USDA nondiscrimination rule slammed by state supt. candidates


CHEYENNE — Candidates for Wyoming superintendent of public instruction condemned a recent change by the Biden administration prohibiting schools that receive some lunch funding from discriminating against students based on their gender identity and sexual orientation. 

Three Republicans – current Superintendent Brian Schroeder, Megen Degenfelder and Jennifer Zerba – attended the Monday evening forum. It was hosted by the Laramie County Republican Party and held at Lions Park. 

Two other declared Republican candidates – Robert J. White III of Rock Springs and Thomas Kelly of Sheridan – did not participate. 

Also in the race is Democrat Sergio A. Maldonado Sr. of Lander. 

Following a question about the candidates’ top three goals for their first year in office, should they be elected, local party Chair Dani Olsen asked the following question: “With the recent news about the Biden administration’s plans to hold school lunches hostage to the radical transgender agenda, which could compel schools to lose federal school lunch funding if they don’t submit to Biden’s radical gender identity anti-discrimination rules, as the superintendent of public instruction, what steps will you take to address the school lunch program and the new Title IX requirements?” 

The U.S. Department of Agriculture, through the Food and Nutrition Service, recently updated its “interpretation of discrimination on the basis of sex in programs or activities receiving federal financial assistance,” which now “includes discrimination on the basis of sexual orientation and gender identity,” according to the Wyoming Department of Education.

In response to Olsen’s question, Schroeder said that as soon as he became aware of the USDA’s reinterpretation, he asked Gov. Mark Gordon if he could “come out strong against this” in a statement condemning it as federal overreach. 

Schroeder said Gordon agreed, “and then there was pushback.” 

“I got counsel that, in hindsight, was misinformed. So, the strategy was, ‘you fight this battle, Brian, out in public politically, and we’ll comply procedurally.’ I didn’t like it, I wasn’t comfortable with it, but I went with it for three days,” the state superintendent continued. 

He called other state superintendents, Wyoming legislators, State Treasurer Curt Meier, other government officials and “legal minds all over the country.” 

“I came back on Monday, and I called my people in, and I said I didn’t like it, I wasn’t comfortable with it, and we’re not going to do it. We’re not going to comply,” Schroeder said. 

“I was told, ‘I disagree with you.’ That’s fine. I was told, ‘You’re going to lose the election.’ I said, ‘That’s fine, so be it.’ This is a high enough hill to die on. I know where the Wyoming people are at on this. We’re not going to comply, and we’re in good company: Twenty-six other states have linked arms and are pushing back, and the Biden administration already is backing off.”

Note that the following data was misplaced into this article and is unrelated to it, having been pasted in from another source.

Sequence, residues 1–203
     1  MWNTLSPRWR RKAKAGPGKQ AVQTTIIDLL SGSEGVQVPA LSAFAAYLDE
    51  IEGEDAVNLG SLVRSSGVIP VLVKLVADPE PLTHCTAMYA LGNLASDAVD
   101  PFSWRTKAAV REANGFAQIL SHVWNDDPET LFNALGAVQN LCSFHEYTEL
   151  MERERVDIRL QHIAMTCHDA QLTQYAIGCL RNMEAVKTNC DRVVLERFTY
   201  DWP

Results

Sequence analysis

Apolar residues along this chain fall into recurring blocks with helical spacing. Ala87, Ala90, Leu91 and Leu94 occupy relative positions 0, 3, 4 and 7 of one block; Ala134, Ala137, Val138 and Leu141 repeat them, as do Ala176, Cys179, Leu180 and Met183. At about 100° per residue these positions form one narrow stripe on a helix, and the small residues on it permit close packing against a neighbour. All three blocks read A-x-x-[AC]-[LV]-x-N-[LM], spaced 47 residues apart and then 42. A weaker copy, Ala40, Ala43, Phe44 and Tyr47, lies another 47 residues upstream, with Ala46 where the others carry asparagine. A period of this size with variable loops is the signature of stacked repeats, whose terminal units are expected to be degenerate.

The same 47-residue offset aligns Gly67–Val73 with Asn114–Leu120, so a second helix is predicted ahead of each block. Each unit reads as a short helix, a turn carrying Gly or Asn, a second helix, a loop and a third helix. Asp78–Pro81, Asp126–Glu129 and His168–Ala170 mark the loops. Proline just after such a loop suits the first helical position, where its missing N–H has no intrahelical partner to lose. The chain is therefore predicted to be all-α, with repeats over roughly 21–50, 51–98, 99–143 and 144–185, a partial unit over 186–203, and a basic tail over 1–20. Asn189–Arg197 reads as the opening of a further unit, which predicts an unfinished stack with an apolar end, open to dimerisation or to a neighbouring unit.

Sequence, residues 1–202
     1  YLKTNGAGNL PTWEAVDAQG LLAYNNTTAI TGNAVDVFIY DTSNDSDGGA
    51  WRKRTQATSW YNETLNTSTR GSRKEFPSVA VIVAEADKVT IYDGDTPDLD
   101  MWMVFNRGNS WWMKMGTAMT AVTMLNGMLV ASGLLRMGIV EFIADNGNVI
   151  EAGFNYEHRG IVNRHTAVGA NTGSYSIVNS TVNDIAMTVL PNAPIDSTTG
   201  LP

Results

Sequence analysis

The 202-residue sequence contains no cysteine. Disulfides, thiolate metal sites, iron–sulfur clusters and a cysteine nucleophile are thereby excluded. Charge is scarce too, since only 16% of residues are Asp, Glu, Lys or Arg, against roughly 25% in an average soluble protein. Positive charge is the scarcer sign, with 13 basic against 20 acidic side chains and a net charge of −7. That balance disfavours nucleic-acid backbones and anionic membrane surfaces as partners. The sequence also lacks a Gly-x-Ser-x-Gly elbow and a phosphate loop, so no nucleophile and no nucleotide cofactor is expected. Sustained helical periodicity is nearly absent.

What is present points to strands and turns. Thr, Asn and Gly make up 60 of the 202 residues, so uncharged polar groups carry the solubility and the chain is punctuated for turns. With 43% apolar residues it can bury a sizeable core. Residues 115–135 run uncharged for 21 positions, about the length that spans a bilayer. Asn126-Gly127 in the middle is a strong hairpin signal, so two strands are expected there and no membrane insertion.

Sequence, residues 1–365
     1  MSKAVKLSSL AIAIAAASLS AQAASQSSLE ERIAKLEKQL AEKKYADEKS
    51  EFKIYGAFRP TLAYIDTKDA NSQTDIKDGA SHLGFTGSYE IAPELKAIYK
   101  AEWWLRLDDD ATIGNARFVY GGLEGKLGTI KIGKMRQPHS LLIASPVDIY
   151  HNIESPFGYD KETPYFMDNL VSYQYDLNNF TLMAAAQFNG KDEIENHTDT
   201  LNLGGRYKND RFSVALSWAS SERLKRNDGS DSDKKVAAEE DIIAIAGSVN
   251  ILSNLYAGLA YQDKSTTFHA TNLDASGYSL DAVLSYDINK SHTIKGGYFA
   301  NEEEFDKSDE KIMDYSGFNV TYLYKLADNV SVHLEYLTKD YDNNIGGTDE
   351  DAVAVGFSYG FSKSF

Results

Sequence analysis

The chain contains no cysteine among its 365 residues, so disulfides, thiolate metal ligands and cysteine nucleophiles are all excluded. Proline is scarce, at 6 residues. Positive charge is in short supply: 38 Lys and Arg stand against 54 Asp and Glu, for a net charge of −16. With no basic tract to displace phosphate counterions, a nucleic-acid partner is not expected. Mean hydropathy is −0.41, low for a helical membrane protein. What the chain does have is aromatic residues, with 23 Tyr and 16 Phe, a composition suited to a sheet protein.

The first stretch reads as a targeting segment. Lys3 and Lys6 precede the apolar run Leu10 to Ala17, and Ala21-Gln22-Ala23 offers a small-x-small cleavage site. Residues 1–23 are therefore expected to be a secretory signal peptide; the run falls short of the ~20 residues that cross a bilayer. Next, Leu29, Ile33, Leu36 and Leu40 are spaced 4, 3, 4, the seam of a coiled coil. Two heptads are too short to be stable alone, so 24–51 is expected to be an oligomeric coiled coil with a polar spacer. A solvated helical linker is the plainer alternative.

It’s not clear how or if the USDA is backing down. The agency has not commented on Schroeder’s recent remarks. 

Schroeder said “this is a defining moment” for Wyoming, because the Biden administration will be “coming back for more.” 

“We have to be ready to fight,” Schroeder said to applause from attendees. 

Linda Finnerty, WDE’s communications director, said in a Tuesday interview she believed Schroeder was referring to direction he gave to WDE staff that the department’s nondiscrimination policy should not be changed. 

“The USDA’s nondiscrimination statement is their own ... but we have not changed anything of the WDE’s (nondiscrimination policy),” Finnerty said. 

Both of these policies appear in separate areas on the WDE’s website, with the USDA’s nondiscrimination policy appearing at the bottom of the “Nutrition” page. 

Schroeder was appointed to his position in late January by Gov. Gordon. 

Degenfelder weighed in on a larger cultural debate about potentially allowing transgender students to use the bathroom of what sex they identify as, rather than the sex they were assigned at birth. 

“I know one thing for certain: I’m not going to let kids go hungry, and I’m not going to let kids share the same bathroom. It’s not going to happen,” she said. 

Rather than complain or “yell and scream,” she said, “We have to do something about it and show the Biden administration that Wyoming’s not going to stand for it.” Degenfelder said she knows how to fight against the administration because “I do that every day in my job in the oil and gas industry.” 

She advocated for litigation against the federal government. 

If the pressure continued, she said the WDE could work with the state Legislature to fund school lunches without federal money. 

“We can afford it. We just have to reprioritize,” she said. 

She added that the WDE could potentially apply for a facilities grant so that it could “rethink our entire bathroom structure in every single school.” 

Zerba said that, according to the UDSA website and a Biden executive order, schools that receive the lunch funding are simply required to investigate discrimination. 

Still, she said, “I don’t think it’s right that they tied in and used food for our little ones as a pawn, though. I think that is wrong.” 

Zerba suggested a “farm-to-table” approach, proposing that schools could directly incorporate the state’s agricultural trade to provide food for students.

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